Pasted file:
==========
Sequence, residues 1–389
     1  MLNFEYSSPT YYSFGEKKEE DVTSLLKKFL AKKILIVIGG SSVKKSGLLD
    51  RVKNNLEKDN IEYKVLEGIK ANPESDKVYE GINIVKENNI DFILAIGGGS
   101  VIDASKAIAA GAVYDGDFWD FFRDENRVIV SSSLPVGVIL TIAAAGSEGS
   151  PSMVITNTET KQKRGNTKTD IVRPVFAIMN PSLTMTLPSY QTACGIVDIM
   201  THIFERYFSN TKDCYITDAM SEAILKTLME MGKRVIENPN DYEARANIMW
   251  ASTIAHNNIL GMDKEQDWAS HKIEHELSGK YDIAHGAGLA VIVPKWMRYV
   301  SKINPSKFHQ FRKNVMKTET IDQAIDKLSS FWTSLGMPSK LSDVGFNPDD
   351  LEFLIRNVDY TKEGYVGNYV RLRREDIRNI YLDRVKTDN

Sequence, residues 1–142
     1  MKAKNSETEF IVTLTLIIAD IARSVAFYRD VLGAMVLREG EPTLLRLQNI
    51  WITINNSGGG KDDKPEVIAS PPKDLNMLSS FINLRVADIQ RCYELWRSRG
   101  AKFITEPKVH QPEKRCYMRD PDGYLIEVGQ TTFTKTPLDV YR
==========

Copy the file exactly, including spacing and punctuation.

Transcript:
Sequence, residues 1–389
     1  MLNFEYSSPT YYSFGEKKEE DVTSLLKKFL AKKILIVIGG SSVKKSGLLD
    51  RVKNNLEKDN IEYKVLEGIK ANPESDKVYE GINIVKENNI DFILAIGGGS
   101  VIDASKAIAA GAVYDGDFWD FFRDENRVIV SSSLPVGVIL TIAAAGSEGS
   151  PSMVITNTET KQKRGNTKTD IVRPVFAIMN PSLTMTLPSY QTACGIVDIM
   201  THIFERYFSN TKDCYITDAM SEAILKTLME MGKRVIENPN DYEARANIMW
   251  ASTIAHNNIL GMDKEQDWAS HKIEHELSGK YDIAHGAGLA VIVPKWMRYV
   301  SKINPSKFHQ FRKNVMKTET IDQAIDKLSS FWTSLGMPSK LSDVGFNPDD
   351  LEFLIRNVDY TKEGYVGNYV RLRREDIRNI YLDRVKTDN

Sequence, residues 1–142
     1  MKAKNSETEF IVTLTLIIAD IARSVAFYRD VLGAMVLREG EPTLLRLQNI
    51  WITINNSGGG KDDKPEVIAS PPKDLNMLSS FINLRVADIQ RCYELWRSRG
   101  AKFITEPKVH QPEKRCYMRD PDGYLIEVGQ TTFTKTPLDV YR